The Astromaid Chronicles

Slow Travel, Creative Living, and Speculation

Tag: jorge

A Non-Traditional Christmas in the Sacred Valley

Jorge and I are situated this year, both physically and financially, in such a way that going home to spend the holidays with either family was pretty much impossible.

But friends, family and food constitute the holidays, right? In light of the fact that we are new to Cusco, are still partially digesting the Thanksgiving explosion less than a month ago, and love to travel, we decided to have a non-traditional celebration in…you guessed it…MACHU PICCHU.

Due to Jorge’s work schedule, we booked a two-day tour. This option meant leaving Cusco at 8AM, driving for about six hours through perilous mountain roads, stopping once to pee, and then finally arriving at the hydroelectric dam — the last stop on the road toward the base city of Aguascalientes.

Off we go to on our extremely economical and totally

disorganized tour to Machu Picchu!

The tour company made mention of the fact that on the road to the hydroelectric dam, sometimes there are landslides. And sometimes, the roads have to close. And other times, people, you know, sorta die.

Okay. We thought about this for a while. These tour companies don’t want dead tourists because it would mean the death of their business, so we knew at least that this route has heavy traffic, albeit it being slightly dangerous. The only other way to get to our destination would be spend a couple hundred extra dollars to go by train. The Sacred Valley region is entering the rainy season, which puts these high-altitude mountain roads at a higher risk of landslides. Being that the rainy season is JUST starting, it’s not as dangerous as January or February, when these tours sometimes stop altogether.

So, being that it’s still being offered, we probably won’t die, I reasoned. And if we want to go the economical route, there is literally only one road connecting the Sacred Valley with the Machu Picchu area.

One.

In fact, this road starts in the valley area of Cusco — very dry air, pretty high altitude, lots of regular forests and agriculture. You go up, up, up for hours — at the tippy top, when we were most definitely traversing a cloud, I saw a sign that said we were at 4,300 meters. More than 14,000 feet. We were told by the driver that we would not be stopping at any part of this part of the mountain road, due to the altitude and potentiality for getting sick. Way up there, I felt the headache kick in, as well as drowsiness.

Once we crossed the tree line descending on the other side of the sierra, I noticed things looked a little different. Way more lush, much greener and…HUMID. The jungle side of the mountains had begun, and the further along we went, the more I felt like I’d suddenly transported to Costa Rica or somewhere similar. I loved it.

This winding mountain road was completely rife with danger, and I am being quite serious. It seemed to be really just a one-and-a-half lane highway, and we passed several areas where fallen rocks had blocked off one half of the road. Furthermore, the engineers were really working against nature, as the mountain had several outlets of (natural) GUSHING water that sometimes was diverted below the road, but oftentimes, just cascaded over top of the pavement. I honestly thought a few times that the gushing water would carry us away off the cliff.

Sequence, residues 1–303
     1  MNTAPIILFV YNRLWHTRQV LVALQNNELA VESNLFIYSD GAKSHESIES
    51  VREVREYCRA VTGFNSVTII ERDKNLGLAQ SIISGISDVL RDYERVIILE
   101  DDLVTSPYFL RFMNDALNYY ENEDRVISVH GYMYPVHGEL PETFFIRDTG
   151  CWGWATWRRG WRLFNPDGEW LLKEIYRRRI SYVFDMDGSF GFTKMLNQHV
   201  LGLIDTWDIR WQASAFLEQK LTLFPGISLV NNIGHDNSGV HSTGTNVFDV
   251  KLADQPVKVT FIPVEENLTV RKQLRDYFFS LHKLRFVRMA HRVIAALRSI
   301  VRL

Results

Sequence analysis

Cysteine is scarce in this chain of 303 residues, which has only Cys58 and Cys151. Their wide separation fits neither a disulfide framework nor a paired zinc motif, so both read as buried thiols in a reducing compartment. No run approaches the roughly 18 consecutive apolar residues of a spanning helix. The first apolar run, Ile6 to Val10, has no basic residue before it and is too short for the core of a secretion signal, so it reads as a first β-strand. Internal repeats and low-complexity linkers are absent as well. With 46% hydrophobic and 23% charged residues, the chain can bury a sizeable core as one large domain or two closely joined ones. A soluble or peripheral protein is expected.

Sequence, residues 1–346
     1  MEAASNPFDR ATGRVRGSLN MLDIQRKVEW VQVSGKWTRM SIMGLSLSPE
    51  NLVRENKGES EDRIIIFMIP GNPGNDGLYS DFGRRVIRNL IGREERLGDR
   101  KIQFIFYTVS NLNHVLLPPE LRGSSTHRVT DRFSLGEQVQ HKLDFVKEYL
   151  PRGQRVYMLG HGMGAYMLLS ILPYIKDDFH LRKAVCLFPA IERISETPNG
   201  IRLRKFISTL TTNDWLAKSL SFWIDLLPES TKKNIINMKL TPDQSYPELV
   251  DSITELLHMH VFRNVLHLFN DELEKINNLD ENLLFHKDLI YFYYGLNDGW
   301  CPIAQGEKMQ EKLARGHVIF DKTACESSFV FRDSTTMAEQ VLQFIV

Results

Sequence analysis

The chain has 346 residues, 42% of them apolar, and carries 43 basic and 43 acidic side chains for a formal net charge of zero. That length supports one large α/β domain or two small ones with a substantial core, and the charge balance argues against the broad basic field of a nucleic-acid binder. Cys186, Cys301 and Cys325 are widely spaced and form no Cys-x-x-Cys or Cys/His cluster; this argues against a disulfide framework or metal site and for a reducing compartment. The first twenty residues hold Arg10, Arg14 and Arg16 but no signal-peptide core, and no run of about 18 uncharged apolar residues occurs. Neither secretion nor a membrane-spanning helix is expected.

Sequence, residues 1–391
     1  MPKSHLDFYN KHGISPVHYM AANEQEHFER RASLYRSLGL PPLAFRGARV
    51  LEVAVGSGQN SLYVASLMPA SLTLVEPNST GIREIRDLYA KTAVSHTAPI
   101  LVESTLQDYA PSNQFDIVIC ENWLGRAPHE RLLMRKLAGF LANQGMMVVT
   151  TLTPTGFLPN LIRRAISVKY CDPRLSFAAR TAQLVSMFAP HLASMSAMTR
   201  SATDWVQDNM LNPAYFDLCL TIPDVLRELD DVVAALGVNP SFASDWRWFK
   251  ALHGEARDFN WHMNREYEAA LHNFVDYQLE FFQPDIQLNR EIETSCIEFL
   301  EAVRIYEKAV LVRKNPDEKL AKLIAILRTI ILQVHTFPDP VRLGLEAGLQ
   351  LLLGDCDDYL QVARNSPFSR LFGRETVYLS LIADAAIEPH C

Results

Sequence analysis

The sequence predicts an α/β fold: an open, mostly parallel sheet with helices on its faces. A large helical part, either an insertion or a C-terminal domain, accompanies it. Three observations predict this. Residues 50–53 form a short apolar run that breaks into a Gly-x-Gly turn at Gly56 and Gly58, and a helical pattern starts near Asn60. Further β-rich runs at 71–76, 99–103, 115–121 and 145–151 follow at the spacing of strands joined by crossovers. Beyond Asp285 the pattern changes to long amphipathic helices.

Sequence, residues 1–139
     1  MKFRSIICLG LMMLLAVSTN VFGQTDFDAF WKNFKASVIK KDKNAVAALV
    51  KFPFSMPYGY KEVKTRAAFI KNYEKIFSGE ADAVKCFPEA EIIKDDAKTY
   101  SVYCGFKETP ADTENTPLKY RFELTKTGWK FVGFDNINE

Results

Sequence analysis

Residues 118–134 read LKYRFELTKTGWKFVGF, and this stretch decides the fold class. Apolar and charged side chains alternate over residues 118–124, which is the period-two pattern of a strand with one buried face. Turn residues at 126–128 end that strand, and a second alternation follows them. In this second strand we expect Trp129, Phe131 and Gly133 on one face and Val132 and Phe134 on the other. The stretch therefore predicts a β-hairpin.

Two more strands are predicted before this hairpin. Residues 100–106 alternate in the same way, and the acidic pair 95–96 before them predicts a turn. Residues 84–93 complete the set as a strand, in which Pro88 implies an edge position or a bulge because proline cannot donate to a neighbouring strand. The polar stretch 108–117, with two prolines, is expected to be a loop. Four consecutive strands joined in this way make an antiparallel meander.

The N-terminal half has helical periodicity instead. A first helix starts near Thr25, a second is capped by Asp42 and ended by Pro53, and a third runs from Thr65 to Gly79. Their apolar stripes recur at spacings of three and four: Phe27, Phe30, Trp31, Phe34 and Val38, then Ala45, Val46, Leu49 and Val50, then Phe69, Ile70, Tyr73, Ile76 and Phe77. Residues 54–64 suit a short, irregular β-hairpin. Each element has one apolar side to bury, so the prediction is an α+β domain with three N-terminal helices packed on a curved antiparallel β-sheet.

Spoiler alert: it didn’t. BUT IT WAS STILL SCARY!

During the final leg of our journey, right before we got to the dam, we encountered an interesting skirmish. When rounding a tight bend, our driver nearly crashed into an coming truck that had violated the rules of mountain road driving. The offending driver had approached the curve in the center of the road and hadn’t swung out wide, as you must do. So, we almost crashed head on. Our driver was understandably upset, so he called out to him something to the effect of “Hey, obey the rules, or we’re all gonna be in trouble here!”

Well, the other driver didn’t like being called out. Maybe it had to do with the 13 people piled in the back of his truck overhearing his honor being questioned. At any rate, Other Driver stopped the truck, and got out.

The Rules of Road Rage told me this was a very bad sign.

Other Driver then he came up to our driver’s window. They began a heated conversation that involved a lot of “you think I don’t know what I’m doing?” I overheard them make an actual plan to meet later to physically fight about this.

And then someone punched someone. I’m not sure who it was, but our driver began fist-fighting with this man through the window. It was so ridiculous I laughed, but it didn’t stop. Luckily, people who are better at these situations stepped in to handle it — namely Jorge and two other guys on the bus, who began trying to intervene to get these men to calm down. Finally, our driver put up the window and we drove away like nothing had happened.

We arrived to the hydroelectric dam around 3:00 PM, where the road officially ends. From the dam, there’s only two ways to arrive to Aguascalientes (the base city to Machu Picchu): WALKING or the TRAIN.

We ate a quick lunch (included in our tour payment) after a brief scuffle with the tour guides who greeted us at the dam. Our names had been mysteriously lost from the list, and they had to make a series of languorous phone calls, accompanied by vigorous receipt-demonstrating on our end, before we were led to the restaurant.

After eating, our trek to Aguascalientes began. The trail follows the train tracks to Aguascalientes, so all the paying customers can look at us vagabonds hoofing it along the side. It takes two full hours, walking at a moderate pace. The trek was gorgeous, and the only real difficulty was that, at times, one had to walk close to the tracks, and therefore over unstable rocks which slows progress. We caught a random Jungle Rainbow along the way.